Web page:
emphatically said) to the Diamond and Tanger Food Market. He always
had to hurry his return because he didn’t want to miss catching the
last ferry of the day back to Gasparilla.
If he did miss the boat, Harry would park his loaded truck first in
line to board the ferry next morning. He would leave the key in the
ignition so that the ferryman could drive it aboard. Then he would
hike back up to the train trestle, and walk all the way across to the
island - in the dark! He still had four miles of island to walk to get to
his apartment behind the store. The next morning (very early) he
would retrieve his grocery-loaded truck which the ferryman had
parked for him.
This arduous schedule was considerably eased after the bridge was
The “season” for many of the earlier northern residents began after
Christmas and ended by the end of March. It was the custom of some
of Harry’s affluent patrons to sign the slips for their weekly (or daily)
purchases for Sarah Futch Tucker, the obliging and helpful cashier, then
pay their grocery bill after returning north for the summer, Harry’s
careful bookkeeper, typing out seemingly endless lists of three or four
months’ worth of items to be totaled and mailed north to a customer’s
office. It must have made Harry’s cash flow a nightmare.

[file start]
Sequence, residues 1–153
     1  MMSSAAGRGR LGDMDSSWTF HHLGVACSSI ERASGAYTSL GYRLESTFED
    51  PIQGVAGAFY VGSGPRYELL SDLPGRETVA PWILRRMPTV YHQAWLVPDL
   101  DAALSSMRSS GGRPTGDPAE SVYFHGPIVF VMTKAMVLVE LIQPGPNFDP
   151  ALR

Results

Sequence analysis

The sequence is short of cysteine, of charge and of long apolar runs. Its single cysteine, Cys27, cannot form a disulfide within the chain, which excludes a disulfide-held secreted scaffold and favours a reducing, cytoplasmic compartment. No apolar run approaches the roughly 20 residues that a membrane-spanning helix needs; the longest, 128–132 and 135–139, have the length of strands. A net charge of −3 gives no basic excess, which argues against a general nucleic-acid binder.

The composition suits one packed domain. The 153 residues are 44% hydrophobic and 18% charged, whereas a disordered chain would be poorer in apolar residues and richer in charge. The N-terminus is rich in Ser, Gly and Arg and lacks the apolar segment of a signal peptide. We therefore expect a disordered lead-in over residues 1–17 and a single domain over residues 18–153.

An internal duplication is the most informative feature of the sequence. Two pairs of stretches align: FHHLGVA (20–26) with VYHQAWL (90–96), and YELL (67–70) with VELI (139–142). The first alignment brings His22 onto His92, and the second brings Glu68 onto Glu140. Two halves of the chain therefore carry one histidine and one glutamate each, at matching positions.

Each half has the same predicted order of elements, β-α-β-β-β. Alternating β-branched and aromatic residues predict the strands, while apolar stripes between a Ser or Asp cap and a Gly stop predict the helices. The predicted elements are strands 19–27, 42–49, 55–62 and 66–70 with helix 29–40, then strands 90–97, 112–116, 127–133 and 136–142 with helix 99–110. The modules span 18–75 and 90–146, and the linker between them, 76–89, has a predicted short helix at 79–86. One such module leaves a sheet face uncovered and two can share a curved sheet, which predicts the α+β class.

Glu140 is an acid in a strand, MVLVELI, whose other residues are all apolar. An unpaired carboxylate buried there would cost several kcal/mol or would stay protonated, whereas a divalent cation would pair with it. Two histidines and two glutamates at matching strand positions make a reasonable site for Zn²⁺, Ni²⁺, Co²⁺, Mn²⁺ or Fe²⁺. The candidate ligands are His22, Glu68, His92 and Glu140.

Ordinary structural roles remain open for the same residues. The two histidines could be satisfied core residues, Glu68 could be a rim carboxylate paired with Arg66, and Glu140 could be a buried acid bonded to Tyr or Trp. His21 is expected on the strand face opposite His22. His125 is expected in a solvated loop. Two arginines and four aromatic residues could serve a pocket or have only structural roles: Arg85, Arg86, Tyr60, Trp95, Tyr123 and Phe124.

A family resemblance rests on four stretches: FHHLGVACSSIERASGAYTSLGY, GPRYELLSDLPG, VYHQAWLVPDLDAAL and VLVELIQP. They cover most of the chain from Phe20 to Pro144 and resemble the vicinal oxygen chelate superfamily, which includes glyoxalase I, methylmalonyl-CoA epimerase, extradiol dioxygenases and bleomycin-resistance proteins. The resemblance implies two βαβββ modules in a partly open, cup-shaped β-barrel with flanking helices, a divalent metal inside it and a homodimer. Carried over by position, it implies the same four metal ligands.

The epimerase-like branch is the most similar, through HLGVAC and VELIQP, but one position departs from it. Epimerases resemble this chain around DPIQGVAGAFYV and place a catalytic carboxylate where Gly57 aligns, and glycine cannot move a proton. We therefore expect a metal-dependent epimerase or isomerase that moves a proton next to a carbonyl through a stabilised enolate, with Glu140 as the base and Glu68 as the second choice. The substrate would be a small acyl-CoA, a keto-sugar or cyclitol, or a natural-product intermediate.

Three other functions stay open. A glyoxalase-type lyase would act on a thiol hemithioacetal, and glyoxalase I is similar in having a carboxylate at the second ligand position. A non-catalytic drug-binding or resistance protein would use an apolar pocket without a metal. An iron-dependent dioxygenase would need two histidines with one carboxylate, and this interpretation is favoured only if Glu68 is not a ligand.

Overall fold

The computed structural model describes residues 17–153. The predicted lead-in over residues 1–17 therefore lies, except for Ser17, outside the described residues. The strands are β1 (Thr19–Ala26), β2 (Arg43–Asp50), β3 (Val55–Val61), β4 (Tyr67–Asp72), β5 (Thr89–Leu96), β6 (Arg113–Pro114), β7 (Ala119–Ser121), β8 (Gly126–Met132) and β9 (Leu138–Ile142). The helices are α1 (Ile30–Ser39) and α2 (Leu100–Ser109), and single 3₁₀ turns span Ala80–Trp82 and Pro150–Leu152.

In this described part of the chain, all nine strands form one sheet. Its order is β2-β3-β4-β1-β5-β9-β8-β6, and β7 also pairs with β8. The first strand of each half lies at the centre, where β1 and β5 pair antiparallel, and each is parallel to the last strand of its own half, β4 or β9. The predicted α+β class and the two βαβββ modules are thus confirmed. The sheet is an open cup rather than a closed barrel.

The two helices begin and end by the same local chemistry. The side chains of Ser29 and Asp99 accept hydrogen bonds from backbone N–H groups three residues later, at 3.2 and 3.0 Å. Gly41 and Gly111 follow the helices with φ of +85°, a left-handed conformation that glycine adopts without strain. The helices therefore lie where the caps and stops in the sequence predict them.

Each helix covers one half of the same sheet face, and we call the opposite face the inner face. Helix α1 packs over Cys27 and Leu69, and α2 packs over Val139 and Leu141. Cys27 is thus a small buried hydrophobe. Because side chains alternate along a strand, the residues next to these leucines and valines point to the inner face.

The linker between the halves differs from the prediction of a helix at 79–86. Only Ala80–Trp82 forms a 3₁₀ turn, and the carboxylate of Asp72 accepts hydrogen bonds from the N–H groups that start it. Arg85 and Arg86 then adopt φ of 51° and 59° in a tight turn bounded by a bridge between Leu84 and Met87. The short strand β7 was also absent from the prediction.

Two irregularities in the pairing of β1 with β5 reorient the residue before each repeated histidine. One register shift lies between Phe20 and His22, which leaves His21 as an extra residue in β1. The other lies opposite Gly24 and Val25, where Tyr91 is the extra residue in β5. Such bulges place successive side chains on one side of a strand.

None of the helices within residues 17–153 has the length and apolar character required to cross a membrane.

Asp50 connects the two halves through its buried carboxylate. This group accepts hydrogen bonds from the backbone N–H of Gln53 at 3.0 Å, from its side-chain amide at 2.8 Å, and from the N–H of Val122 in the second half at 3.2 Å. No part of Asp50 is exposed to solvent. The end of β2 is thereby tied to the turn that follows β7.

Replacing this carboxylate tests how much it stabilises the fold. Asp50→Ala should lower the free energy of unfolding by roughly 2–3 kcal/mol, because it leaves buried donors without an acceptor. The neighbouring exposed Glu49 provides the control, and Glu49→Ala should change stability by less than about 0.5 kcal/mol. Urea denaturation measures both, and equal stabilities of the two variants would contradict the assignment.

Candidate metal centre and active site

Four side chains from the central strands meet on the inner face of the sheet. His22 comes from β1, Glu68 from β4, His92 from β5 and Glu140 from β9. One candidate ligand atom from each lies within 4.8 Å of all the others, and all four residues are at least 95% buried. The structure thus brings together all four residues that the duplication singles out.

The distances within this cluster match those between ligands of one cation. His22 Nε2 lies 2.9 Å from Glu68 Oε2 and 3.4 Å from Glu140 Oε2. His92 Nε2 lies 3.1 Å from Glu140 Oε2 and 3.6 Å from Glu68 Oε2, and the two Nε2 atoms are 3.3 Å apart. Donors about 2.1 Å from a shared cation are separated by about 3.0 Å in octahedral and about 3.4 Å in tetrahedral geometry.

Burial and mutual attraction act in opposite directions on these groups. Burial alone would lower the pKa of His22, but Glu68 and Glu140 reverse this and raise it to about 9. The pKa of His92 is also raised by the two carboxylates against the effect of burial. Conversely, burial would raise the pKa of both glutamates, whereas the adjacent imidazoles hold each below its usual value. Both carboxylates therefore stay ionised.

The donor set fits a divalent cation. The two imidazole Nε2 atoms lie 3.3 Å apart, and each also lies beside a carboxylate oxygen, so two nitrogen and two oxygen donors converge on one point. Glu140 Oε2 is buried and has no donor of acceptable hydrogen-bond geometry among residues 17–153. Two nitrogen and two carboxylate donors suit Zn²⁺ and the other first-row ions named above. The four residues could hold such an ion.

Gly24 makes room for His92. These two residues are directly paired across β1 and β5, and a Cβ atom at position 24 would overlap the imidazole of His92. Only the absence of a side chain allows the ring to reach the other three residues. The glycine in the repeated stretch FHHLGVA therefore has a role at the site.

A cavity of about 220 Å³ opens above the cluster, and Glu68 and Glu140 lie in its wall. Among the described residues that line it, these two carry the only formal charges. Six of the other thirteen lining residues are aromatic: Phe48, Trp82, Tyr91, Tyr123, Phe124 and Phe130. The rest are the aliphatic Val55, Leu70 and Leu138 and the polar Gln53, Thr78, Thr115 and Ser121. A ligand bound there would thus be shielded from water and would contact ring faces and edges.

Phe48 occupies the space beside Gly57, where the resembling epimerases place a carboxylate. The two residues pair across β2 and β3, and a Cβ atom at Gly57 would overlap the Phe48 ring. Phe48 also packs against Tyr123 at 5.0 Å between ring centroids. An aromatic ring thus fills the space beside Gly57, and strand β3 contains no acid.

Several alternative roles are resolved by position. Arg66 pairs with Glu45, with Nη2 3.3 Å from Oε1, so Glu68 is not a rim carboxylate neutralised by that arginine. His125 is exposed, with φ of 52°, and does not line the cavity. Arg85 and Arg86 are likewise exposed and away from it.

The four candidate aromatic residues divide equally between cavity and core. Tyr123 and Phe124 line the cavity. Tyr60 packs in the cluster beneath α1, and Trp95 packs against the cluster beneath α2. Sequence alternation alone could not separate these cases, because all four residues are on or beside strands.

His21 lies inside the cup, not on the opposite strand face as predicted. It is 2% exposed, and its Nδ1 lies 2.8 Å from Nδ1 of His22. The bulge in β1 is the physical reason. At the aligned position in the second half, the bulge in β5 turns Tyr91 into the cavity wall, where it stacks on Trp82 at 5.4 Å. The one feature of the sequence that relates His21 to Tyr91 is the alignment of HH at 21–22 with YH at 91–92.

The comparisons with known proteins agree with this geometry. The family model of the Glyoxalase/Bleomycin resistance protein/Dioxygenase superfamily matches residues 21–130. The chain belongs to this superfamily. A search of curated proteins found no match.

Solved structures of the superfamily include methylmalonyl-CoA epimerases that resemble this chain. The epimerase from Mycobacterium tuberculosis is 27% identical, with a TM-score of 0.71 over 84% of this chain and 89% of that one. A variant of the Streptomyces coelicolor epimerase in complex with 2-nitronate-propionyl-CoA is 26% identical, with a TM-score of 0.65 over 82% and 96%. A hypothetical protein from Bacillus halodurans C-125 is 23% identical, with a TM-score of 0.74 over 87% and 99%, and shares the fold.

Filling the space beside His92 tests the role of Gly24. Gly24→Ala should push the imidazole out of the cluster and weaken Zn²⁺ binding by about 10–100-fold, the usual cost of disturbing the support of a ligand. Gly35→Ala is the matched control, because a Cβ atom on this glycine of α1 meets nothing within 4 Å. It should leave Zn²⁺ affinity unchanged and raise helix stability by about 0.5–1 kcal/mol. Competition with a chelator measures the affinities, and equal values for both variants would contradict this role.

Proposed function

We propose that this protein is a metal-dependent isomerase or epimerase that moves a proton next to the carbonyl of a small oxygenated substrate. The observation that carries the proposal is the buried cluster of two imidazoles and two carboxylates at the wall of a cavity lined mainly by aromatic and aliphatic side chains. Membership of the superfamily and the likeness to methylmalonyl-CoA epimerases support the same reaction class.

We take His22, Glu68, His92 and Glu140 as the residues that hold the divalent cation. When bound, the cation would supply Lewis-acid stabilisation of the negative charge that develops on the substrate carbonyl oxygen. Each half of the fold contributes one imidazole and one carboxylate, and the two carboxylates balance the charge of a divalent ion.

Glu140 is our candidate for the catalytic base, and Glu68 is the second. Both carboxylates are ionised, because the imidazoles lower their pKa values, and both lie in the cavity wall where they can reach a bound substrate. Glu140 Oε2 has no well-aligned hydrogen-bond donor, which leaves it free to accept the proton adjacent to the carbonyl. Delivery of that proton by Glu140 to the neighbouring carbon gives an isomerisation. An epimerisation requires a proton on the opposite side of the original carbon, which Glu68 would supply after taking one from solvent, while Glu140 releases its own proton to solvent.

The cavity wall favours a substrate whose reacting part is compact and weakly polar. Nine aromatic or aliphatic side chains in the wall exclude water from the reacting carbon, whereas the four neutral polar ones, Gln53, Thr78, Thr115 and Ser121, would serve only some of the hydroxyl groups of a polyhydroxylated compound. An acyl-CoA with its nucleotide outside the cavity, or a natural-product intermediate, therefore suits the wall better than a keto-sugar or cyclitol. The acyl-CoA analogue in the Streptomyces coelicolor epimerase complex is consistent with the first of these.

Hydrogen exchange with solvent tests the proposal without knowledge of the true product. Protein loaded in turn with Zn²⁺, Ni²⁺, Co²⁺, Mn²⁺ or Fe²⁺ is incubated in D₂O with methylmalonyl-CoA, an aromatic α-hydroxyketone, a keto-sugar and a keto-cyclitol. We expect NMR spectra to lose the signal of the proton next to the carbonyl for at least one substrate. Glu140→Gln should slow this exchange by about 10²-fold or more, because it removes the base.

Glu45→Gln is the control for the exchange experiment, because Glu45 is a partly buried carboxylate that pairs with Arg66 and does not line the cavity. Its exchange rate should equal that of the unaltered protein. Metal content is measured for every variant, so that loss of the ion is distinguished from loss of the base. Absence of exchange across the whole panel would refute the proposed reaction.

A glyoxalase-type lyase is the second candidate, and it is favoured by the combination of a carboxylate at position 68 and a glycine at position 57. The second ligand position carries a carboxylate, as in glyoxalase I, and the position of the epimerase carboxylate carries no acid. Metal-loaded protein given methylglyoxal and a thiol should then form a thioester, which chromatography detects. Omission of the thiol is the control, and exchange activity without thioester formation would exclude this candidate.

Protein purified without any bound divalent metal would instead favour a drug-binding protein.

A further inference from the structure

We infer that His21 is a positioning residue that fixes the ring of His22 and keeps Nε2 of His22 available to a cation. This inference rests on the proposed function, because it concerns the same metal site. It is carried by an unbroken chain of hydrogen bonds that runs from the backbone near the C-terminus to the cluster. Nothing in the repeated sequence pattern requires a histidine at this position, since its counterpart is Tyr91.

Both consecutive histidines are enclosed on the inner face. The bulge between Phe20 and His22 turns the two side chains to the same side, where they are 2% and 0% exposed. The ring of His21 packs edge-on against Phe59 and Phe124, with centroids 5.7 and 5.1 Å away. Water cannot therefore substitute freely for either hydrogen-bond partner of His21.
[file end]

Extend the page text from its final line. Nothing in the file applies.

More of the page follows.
I should also mention Marie, Harry’s attractive wife, who, as a young
woman, had come down from New England to work at the Big Hotel.
She made the marriage a real partnership and her congenial manner
was a great asset in dealing with customers. Our warm friendship with
Harry and Marie is now more than half a century old!
Besides his business, Harry was very interested in photography and
astronomy. His telescope was often set up in back of the store. The
Whiddens now live in the Jacksonville area, with son Harry Jr. nearby.
One of the pleasant things the
teenagers enjoyed doing during
their short Spring Break in the
1950’s was to gather at the
Temptation restaurant before
cocktail hours. Dora and Homer
Addison owned the “Temp” at
that time. The main attraction
was Dora Addison’s piano playing,
often accompanied on a
homemade “gutbucket” bass by a
young sailor who was stationed
at the Coast Guard quarters
down by the Boca Grande lighthouse.
He constructed the instrument
by connecting a bass G-string to
the center of a large turned-upside
down galvanized washtub. A
broom handle, conveniently cut
to the proper length, had a
groove made on one end to fit
on the washtub rim, and the Gstring
was attached to the other.
It took some talent to apply the
right pressure to the stick and
pluck the string so the required
“notes” could be achieved, and
the resulting combo was the
perfect accompaniment to energetic
dancing by the young folks!
The soft lights reflecting on Deo
Weymouth’s murals (very new at
that time) created a charming
Dora always called an immediate
halt to the festivities when the
adult customers began to arrive
and shooed the dancers out. Mrs.
Pickman and her attractive daughters,
C.Z. Cochrane and Nancy,
November/December 2017 GASPARILLA ISLAND 51